Popular social networking sites such as Twitter and Facebook, Google’s Web-based Chrome operating system, and the updated HTML 5 (hyper text markup language), are prime targets for cyber attacks in 2010, says a recent report from security firm MacAfee Inc.
Businesses, computer users and developers need to prepare for a slew of old and new security threats, said David Marcus, director of security research and communications for McAfee Labs, the security firm’s monitoring and research arm.
Marcus noted that over a span of less than two decades, people have moved from simple communications over the Internet to social networking, enjoying content-rich entertainment, engaging in individual and corporate financial transactions, as well as developing and distributing services and applications.
“The Web has become the victim of its own success,” he said. “Cyber crooks go where the people go.”
Security threats in 2010 will not be much different from the previous year, says Claudiu Popa, president, chief security officer and founder of Informatica Corp. in Toronto.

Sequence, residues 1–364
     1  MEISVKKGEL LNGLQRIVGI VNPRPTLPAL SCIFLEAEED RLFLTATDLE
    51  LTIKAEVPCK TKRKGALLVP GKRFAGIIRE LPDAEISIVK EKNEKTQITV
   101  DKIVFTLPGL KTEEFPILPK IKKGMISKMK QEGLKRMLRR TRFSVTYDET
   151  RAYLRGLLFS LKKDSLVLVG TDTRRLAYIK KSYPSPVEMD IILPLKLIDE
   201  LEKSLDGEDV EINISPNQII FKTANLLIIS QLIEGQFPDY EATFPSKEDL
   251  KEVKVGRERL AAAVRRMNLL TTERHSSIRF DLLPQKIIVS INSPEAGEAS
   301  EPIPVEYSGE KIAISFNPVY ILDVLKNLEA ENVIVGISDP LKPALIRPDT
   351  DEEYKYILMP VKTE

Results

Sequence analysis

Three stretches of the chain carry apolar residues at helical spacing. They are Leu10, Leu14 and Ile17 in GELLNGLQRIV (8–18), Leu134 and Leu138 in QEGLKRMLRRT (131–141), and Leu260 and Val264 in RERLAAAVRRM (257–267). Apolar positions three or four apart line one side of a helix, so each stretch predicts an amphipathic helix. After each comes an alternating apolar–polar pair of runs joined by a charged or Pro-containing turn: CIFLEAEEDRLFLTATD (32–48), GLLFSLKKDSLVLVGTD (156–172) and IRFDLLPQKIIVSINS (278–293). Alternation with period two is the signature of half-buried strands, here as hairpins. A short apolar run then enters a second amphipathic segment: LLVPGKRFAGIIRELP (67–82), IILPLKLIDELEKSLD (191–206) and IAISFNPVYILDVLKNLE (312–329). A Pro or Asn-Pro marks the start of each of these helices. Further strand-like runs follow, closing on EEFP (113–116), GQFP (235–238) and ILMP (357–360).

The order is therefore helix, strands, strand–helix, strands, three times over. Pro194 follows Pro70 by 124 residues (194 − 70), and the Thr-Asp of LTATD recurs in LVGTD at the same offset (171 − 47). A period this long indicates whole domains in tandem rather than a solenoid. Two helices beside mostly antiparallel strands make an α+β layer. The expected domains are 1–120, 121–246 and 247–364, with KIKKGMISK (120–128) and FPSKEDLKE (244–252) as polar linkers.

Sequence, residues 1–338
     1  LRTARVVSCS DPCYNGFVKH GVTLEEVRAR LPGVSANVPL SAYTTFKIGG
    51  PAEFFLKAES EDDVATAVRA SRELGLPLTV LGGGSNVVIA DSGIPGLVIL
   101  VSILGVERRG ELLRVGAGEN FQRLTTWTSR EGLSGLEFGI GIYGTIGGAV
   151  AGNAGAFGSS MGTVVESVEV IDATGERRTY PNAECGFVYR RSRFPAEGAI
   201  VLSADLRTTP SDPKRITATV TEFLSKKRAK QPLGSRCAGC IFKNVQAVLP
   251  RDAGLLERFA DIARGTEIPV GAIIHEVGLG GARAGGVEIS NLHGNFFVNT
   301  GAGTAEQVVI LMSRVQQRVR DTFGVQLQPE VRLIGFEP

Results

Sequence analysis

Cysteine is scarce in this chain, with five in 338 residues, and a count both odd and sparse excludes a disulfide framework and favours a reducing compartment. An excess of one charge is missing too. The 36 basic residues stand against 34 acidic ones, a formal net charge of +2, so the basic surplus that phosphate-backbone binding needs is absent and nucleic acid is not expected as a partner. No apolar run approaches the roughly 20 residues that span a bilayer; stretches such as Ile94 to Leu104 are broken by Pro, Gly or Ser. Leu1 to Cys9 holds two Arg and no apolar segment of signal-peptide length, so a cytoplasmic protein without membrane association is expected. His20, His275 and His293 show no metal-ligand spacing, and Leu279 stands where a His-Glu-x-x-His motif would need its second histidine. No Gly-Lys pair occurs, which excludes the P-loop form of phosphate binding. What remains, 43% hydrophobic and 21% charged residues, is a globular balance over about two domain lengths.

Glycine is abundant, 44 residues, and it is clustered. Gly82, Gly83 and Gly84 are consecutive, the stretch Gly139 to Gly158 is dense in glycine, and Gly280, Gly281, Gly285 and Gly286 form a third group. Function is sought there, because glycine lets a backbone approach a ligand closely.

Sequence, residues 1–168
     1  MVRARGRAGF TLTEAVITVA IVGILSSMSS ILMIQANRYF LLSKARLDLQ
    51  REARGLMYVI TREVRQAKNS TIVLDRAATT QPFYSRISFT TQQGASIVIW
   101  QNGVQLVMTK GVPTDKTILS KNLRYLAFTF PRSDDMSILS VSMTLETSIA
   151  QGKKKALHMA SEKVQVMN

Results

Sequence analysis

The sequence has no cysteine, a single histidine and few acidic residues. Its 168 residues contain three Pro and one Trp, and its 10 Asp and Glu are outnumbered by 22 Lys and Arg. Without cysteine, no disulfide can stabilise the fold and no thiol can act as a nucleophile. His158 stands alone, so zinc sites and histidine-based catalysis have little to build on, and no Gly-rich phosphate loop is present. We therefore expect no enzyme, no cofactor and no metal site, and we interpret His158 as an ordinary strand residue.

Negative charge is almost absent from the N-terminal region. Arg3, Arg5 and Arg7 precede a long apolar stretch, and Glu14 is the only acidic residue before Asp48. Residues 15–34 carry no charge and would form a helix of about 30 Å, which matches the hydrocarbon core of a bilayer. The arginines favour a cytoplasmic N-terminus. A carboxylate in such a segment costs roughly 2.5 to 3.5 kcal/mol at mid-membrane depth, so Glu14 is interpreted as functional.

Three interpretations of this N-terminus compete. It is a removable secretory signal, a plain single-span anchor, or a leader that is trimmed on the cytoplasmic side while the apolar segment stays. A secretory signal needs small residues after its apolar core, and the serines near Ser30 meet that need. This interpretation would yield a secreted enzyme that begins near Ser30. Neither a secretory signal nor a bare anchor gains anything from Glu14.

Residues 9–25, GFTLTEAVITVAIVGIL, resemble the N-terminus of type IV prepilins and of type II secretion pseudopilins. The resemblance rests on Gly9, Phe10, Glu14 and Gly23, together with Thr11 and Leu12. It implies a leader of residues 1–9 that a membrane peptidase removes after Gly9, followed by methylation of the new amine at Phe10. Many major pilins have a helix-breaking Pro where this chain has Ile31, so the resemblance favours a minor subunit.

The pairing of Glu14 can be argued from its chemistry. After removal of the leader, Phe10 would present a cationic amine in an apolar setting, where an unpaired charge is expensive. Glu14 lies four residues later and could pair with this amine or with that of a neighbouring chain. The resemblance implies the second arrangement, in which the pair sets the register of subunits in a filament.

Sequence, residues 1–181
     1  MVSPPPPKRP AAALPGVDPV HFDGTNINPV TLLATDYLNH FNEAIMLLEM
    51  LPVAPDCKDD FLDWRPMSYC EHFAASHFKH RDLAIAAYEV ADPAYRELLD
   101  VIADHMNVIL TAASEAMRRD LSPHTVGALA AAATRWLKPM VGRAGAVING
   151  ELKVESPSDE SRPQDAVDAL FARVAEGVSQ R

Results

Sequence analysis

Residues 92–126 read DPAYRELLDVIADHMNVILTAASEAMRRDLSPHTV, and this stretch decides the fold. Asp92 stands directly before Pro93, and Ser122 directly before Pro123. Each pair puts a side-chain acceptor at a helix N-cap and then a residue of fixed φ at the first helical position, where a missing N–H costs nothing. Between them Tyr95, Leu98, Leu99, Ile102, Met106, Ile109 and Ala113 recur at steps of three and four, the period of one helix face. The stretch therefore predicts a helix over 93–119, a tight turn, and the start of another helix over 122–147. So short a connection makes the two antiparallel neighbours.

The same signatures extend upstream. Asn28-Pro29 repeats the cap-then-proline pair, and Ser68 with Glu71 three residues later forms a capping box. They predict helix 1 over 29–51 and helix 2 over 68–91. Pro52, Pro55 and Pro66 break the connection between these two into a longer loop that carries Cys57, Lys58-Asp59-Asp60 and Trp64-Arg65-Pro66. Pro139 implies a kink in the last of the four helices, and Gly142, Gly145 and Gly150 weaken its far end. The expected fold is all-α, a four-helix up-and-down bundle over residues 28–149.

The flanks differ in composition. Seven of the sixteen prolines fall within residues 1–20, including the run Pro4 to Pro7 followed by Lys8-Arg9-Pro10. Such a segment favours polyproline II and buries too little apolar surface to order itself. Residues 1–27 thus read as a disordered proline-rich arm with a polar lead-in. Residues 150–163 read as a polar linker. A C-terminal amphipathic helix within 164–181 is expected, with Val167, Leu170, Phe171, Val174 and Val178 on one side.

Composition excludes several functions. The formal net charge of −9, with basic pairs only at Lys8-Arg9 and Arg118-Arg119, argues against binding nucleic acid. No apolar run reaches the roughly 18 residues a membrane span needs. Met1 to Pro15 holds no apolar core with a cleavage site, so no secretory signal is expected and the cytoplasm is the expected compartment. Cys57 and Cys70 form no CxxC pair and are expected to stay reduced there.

Apart from a “spam explosion”, he also foresees increased malware attacks on smartphones and hijacking of search engines.
Here is a brief rundown of some of McAfee Labs’ threat predictions for 2010:
Rogue apps rampant
Facebook, Twitter and third party applications on these sites are prime targets for cybercriminals constantly scouring for online user “hot spots.”
MacAfee predicts users will become more vulnerable to attacks that blindly distribute rogue apps across these social networks.
Marcus said attackers will continue to exploit the “viral” nature of the medium. “Criminals will take advantage of friends trusting friends to get users click on links to malware-infested sites.”
Use of abbreviated URLs on micro-blogging sites, such as Twitter, will grow in 2010. “Shortened URLs are perfect for hiding links to malicious sites, Marcus warned.
Chrome and HTML 5
Google’s much-awaited Web-based operating system, dubbed Chrome and the newly released HTML 5 standard, which promises richer Web applications will become top malware targets, the McAfee Labs report says.
Much like previous Microsoft operating systems, Google’s Chrome OS too will be a prime target for many hackers, Marcus predicts.
He said Google would need to evolve its version of Patch Tuesday for Chrome, as Microsoft instituted weekly software patches.
HTML 5 promises to enhance interoperability between desktop computers and the Internet — further pushing the bounds of cloud computing.
This phenomenon, however, has a downside, Marcus warned.
It will make many users vulnerable to new cyber threats aimed at HTML 5. Organizations and users need to ensure they are using updated software and anti-malware products, he said. Developers using HTML 5 need to build-in stronger security features into their products.